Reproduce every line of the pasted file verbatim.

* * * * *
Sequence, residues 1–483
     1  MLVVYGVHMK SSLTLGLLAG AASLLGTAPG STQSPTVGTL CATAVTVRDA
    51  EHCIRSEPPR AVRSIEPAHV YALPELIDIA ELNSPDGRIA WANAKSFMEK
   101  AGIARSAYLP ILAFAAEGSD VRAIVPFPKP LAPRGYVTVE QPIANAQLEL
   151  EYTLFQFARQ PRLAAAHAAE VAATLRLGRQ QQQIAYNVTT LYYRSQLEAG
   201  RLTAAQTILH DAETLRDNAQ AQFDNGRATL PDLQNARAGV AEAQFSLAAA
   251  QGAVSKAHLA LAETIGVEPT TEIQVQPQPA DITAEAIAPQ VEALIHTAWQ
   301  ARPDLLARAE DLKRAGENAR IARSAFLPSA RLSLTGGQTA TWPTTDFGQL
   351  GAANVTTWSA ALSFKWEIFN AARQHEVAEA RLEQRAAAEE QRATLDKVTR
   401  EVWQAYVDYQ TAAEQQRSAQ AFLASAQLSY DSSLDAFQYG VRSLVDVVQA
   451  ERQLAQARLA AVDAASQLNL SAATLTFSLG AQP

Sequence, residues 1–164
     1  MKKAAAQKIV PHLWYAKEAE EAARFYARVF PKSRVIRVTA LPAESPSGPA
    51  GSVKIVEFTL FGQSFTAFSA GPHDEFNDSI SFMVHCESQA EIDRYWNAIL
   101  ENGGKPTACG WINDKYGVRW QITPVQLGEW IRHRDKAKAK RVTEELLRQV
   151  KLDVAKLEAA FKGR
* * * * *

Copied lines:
Sequence, residues 1–483
     1  MLVVYGVHMK SSLTLGLLAG AASLLGTAPG STQSPTVGTL CATAVTVRDA
    51  EHCIRSEPPR AVRSIEPAHV YALPELIDIA ELNSPDGRIA WANAKSFMEK
   101  AGIARSAYLP ILAFAAEGSD VRAIVPFPKP LAPRGYVTVE QPIANAQLEL
   151  EYTLFQFARQ PRLAAAHAAE VAATLRLGRQ QQQIAYNVTT LYYRSQLEAG
   201  RLTAAQTILH DAETLRDNAQ AQFDNGRATL PDLQNARAGV AEAQFSLAAA
   251  QGAVSKAHLA LAETIGVEPT TEIQVQPQPA DITAEAIAPQ VEALIHTAWQ
   301  ARPDLLARAE DLKRAGENAR IARSAFLPSA RLSLTGGQTA TWPTTDFGQL
   351  GAANVTTWSA ALSFKWEIFN AARQHEVAEA RLEQRAAAEE QRATLDKVTR
   401  EVWQAYVDYQ TAAEQQRSAQ AFLASAQLSY DSSLDAFQYG VRSLVDVVQA
   451  ERQLAQARLA AVDAASQLNL SAATLTFSLG AQP

Sequence, residues 1–164
     1  MKKAAAQKIV PHLWYAKEAE EAARFYARVF PKSRVIRVTA LPAESPSGPA
    51  GSVKIVEFTL FGQSFTAFSA GPHDEFNDSI SFMVHCESQA EIDRYWNAIL
   101  ENGGKPTACG WINDKYGVRW QITPVQLGEW IRHRDKAKAK RVTEELLRQV
   151  KLDVAKLEAA FKGR